Forest Damages

The changing climate is expected to cause extreme weather phenomena and climate events such as droughts, storms or heavy snowfalls and also reduce ground frost in winter. We may also expect outbreaks of invasive insect species and new pathogens. Metsähallitus Forestry Ltd. mostly contributes to climate change adaptation activities through silvicultural means.

A young sapling stand has suffered from snow damage which has distorted some of the trees.

In Finland, forest damage is most often caused by storms, excessive snow loads, freezing, and other climatic and weather-related phenomena. As a consequence of these primary factors, insect damage caused especially by bark beetles is expected to increase in near future.

Climate change is predicted to increase both primary and secondary forest damages because of prolonged droughts in summer as well as shorter periods of sub-zero temperatures in winter, which will leave especially spruce-dominated forests vulnerable to various types of damage. In certain areas, a dense elk population may damage young pine or birch seedling stands.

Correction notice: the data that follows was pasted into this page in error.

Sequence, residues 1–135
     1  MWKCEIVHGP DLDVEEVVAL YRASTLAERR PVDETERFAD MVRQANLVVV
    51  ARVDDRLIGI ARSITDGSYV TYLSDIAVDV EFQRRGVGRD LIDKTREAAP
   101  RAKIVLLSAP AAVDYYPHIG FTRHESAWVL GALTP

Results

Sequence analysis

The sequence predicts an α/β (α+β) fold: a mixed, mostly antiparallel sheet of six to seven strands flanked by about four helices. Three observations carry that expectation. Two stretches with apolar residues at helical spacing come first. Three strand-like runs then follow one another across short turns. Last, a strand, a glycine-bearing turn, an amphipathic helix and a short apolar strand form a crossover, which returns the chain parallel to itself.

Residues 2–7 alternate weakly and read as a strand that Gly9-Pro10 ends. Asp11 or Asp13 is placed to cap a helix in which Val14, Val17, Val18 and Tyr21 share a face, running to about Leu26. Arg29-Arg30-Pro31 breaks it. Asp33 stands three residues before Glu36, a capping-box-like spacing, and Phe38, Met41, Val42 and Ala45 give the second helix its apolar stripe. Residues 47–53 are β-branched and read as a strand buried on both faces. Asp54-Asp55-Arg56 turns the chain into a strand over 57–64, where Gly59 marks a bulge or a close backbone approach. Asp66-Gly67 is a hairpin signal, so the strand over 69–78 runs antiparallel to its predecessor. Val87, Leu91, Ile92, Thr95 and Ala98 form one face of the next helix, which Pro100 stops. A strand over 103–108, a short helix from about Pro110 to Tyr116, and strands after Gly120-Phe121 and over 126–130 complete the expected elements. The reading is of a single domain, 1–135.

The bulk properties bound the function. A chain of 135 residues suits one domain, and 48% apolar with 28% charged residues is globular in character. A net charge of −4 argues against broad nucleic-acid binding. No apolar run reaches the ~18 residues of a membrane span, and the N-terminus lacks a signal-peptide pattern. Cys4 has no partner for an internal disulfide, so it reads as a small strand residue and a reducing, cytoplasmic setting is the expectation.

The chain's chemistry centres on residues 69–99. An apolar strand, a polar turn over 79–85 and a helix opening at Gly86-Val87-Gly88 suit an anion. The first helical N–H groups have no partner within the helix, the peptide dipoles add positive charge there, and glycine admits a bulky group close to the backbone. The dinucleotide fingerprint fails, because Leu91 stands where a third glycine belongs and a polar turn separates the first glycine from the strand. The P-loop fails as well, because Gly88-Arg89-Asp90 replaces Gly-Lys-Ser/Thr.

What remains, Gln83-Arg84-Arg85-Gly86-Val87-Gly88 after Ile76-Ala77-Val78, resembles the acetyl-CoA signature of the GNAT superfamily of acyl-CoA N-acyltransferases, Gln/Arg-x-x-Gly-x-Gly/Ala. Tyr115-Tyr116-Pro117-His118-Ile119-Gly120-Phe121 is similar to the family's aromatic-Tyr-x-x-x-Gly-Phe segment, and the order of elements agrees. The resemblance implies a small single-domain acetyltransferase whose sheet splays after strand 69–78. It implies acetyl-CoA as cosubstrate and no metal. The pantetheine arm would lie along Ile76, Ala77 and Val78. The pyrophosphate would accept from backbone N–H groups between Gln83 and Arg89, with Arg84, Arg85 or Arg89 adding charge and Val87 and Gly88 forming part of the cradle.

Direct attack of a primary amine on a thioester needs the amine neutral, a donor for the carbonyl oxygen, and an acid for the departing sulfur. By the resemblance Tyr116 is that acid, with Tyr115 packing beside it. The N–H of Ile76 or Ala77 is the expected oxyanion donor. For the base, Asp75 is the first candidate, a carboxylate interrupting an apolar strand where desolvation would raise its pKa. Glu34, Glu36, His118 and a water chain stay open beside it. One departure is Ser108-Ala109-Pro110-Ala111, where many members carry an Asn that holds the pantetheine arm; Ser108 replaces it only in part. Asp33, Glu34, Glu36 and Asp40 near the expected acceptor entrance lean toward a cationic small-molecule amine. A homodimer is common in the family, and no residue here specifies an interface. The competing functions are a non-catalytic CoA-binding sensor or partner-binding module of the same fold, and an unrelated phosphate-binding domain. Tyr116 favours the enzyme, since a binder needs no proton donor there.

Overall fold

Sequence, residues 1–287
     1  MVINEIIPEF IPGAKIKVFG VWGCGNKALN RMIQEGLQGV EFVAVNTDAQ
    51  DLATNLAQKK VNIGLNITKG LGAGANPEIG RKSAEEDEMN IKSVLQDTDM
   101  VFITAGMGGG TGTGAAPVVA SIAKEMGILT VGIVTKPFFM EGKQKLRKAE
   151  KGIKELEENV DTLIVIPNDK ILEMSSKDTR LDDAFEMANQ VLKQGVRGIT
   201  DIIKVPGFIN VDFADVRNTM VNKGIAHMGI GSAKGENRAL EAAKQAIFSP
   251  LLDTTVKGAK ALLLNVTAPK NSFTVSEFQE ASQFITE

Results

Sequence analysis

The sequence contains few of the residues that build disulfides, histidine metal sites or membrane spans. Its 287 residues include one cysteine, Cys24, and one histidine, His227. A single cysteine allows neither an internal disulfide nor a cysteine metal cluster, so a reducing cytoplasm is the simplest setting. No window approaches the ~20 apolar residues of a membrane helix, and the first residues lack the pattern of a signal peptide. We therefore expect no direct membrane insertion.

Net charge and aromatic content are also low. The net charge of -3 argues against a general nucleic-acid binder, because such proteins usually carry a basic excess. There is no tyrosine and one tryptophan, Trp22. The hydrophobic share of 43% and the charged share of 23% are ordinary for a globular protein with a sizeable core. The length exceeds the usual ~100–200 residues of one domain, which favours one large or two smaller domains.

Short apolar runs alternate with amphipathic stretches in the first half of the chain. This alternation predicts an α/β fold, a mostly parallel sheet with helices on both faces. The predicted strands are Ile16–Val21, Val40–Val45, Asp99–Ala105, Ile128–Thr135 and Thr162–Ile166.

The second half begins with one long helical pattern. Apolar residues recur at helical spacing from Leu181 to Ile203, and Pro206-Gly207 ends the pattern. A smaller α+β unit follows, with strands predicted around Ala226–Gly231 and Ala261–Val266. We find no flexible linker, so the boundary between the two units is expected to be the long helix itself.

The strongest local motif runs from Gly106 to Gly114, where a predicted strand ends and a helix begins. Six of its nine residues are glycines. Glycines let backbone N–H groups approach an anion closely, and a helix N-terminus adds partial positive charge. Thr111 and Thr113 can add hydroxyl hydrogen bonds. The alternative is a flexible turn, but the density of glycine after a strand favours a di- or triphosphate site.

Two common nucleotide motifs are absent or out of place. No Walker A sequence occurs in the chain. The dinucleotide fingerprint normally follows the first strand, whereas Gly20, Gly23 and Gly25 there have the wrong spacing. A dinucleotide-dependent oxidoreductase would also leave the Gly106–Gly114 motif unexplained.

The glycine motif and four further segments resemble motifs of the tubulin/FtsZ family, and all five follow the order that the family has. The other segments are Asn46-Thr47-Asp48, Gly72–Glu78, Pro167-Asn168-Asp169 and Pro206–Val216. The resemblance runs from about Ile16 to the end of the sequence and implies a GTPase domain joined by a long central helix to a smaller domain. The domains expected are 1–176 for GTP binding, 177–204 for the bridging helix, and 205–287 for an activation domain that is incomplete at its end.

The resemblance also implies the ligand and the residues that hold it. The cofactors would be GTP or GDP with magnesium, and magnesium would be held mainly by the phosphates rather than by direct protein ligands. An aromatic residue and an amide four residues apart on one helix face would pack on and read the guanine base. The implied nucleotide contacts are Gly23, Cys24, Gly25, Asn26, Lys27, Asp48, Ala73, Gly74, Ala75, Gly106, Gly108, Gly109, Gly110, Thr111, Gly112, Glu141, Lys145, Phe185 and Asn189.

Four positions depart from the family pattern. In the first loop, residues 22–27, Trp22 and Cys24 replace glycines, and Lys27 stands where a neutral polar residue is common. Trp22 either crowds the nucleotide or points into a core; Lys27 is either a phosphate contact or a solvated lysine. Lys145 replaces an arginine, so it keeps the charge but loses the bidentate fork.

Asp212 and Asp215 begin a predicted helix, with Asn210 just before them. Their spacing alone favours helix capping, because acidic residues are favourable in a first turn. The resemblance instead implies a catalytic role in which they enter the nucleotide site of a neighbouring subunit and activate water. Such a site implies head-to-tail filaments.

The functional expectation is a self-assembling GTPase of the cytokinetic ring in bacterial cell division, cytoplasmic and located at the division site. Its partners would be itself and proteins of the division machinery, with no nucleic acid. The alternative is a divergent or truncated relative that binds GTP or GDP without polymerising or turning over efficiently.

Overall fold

Forest damages are addressed in forest management by promoting deciduous forest and generally mixed tree stands as well as diverse silvicultural practices whenever possible. Careful monitoring and updated forest resource information are also useful tools for tackling the growing problem of forest damage.